* Although rare in blacks and Asians, cystic fibrosis is a common lethal genetic disease in those of northern European ancestry. Whites are more likely to get multiple sclerosis than all other population groups, while blacks and some Mediterranean populations are susceptible to sickle cell anemia. Some 2 million whites worldwide now carry copies of a mutant gene that makes them immune to human immunodeficiency virus (HIV) infection. Rare mutations may help insulate some southern Asians from severe acute respiratory syndrome (SARS). The presence of one gene is a potent risk factor of Alzheimer’s for whites, but not for blacks. The variant of one gene may explain why black women have twice the risk of premature delivery than women of European ancestry. Those of African ancestry are more susceptible to heart disease and are 50 percent more likely than whites to die of colorectal cancer, even if they receive the same treatment. Irish and others of Celtic ancestry are disproportionately victimized by Dupuytren’s disease, also known as claw hand. One mutation accounts for the sensitivity of the Japanese to alcohol, while another gene variant carried by at least a fifth of all Semites helps them break down liquor in the bloodstream, protecting them against alcoholism.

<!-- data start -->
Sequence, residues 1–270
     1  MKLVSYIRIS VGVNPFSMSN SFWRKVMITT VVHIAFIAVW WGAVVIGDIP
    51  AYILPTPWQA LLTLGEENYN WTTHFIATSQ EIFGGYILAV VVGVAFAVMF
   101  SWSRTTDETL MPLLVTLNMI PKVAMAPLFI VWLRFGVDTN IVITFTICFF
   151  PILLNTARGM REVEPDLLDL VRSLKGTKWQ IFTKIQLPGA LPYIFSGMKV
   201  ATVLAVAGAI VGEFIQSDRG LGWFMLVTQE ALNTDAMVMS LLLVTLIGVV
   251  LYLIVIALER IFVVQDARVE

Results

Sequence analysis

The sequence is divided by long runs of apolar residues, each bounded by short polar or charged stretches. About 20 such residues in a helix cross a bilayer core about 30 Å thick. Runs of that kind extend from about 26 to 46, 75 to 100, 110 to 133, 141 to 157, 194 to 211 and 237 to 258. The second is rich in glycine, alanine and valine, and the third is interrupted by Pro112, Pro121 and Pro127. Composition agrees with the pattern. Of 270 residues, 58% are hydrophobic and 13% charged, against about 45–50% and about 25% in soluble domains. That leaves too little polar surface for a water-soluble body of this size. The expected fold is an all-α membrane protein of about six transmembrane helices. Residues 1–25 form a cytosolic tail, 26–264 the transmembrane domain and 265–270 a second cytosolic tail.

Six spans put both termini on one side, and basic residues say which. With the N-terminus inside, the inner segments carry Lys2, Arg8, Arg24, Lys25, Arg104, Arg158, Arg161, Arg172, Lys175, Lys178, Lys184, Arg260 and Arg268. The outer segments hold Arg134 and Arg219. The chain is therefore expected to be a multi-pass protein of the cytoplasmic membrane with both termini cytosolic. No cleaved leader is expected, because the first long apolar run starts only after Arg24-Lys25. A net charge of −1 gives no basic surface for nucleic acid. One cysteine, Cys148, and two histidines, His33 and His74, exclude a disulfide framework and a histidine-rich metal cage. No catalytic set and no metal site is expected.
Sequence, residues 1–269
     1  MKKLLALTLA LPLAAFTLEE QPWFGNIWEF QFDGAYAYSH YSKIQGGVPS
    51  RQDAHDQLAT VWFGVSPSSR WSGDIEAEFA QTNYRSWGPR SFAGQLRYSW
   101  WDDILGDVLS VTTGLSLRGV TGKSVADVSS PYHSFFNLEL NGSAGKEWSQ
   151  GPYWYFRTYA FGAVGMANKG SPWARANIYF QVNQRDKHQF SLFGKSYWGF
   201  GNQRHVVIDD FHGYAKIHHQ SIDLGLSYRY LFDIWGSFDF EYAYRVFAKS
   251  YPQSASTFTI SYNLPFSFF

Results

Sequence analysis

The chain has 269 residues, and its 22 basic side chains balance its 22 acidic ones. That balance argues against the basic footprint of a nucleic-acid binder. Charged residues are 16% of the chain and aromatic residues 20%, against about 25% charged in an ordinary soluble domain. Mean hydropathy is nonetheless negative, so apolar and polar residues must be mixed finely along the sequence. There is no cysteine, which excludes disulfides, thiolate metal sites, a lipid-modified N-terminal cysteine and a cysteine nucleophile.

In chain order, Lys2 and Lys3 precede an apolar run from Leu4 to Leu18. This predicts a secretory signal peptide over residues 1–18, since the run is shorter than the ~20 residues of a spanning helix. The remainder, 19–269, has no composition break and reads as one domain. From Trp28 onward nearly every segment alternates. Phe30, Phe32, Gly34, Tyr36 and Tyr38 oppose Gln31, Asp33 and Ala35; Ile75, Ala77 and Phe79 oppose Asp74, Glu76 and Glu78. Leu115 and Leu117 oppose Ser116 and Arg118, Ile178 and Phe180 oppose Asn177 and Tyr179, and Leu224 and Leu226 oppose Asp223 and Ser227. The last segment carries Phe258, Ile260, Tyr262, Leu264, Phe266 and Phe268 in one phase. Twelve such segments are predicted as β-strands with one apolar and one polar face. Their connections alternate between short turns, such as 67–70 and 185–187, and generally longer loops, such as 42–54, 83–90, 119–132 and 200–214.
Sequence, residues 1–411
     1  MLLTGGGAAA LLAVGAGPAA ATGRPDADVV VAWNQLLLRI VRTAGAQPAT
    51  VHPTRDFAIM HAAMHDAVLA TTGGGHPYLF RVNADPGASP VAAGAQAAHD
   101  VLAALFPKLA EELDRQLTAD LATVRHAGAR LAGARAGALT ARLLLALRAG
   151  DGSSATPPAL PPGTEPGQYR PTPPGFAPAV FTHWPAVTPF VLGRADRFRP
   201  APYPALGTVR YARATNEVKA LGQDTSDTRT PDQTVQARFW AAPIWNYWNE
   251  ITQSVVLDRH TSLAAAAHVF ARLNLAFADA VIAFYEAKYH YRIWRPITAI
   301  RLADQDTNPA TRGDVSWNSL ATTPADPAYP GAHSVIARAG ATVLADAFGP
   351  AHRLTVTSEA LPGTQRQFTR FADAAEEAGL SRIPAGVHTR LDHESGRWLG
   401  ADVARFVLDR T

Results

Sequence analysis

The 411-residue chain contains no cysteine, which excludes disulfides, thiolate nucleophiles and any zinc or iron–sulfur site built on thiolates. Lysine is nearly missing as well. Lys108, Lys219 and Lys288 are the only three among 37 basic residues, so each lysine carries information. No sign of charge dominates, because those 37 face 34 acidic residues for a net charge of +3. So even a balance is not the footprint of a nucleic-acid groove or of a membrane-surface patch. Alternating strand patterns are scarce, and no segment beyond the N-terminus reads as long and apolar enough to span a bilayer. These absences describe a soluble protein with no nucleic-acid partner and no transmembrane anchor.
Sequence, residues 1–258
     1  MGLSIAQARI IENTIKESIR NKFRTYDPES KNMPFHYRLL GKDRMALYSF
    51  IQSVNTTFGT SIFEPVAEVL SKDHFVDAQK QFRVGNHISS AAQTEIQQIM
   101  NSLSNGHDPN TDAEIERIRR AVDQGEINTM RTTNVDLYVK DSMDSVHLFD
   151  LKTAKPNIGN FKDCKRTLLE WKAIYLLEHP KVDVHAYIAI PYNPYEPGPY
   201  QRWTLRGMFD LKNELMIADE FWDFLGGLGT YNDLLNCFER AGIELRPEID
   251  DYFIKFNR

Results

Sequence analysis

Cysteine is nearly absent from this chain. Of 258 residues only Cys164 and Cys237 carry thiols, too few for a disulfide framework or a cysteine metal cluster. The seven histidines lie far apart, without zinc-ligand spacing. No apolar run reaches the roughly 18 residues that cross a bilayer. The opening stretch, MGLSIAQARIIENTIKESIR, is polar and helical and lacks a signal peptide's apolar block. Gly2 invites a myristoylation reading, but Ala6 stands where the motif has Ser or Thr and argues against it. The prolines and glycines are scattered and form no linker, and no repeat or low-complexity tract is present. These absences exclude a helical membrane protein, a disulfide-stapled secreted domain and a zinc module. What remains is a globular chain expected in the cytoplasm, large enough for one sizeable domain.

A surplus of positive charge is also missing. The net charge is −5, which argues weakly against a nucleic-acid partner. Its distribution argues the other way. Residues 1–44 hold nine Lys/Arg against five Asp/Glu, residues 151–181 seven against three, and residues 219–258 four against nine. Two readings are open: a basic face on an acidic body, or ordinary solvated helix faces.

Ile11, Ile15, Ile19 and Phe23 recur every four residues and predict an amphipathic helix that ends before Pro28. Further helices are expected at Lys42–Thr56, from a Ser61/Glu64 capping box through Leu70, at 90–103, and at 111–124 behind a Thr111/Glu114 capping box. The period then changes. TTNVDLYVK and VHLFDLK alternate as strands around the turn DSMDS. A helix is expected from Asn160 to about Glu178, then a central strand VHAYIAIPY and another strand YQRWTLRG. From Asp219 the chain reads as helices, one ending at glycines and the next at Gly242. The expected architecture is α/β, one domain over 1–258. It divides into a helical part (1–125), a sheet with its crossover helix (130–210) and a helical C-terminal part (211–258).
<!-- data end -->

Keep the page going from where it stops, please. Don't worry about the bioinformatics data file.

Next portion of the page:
Although geneticists generally avoid using the term “racial” to characterize differences that show up more in one population than others, ancestry matters. Because modern humans move around and fool around far more expeditiously than their ancient ancestors, modern “races” and ethnic groups are fuzzy at the edges and overlapping. As a rule, the more historically isolated a population—because of geographical or cultural barriers—the more distinct its genetic makeup.
* The number of Jews worldwide is thought to be about 13 million, although estimates are invariably hazy because of the complex notion of Jewish identity. The total has been dropping by 300,000 each year. Approximately 10 million Jews are Ashkenazim, a word derived from the Hebrew word for “German,” which suggests their recent European roots. (About 90 percent of the approximately 5.5 million Jews in the United States are Ashkenazim.) The remainder are mostly Sephardim (from the Hebrew word “Sefarad,” meaning “Spain”), who trace their ancestry to Iberia or North Africa, the center of diaspora Jewry until the medieval inquisitions; and indigenous Jews from the Middle East known as Orientals, most of whom now live in Israel. Endemic intermarriage and a low birthrate will continue to slice into the marrow of Judaism. With the Jewish fertility rate below the level necessary to replace the current population, in just a few generations, two out of every three Jews could disappear.
* Prebiblical pagans were satisfied to find purpose in the sun, moon, the cycle of the seasons—the power of nature. Consider how appalled they must have been when they encountered these wandering Semites, who proposed that meaning could be found in something as insubstantial as One God. It was a crazy enough idea to change the course of history.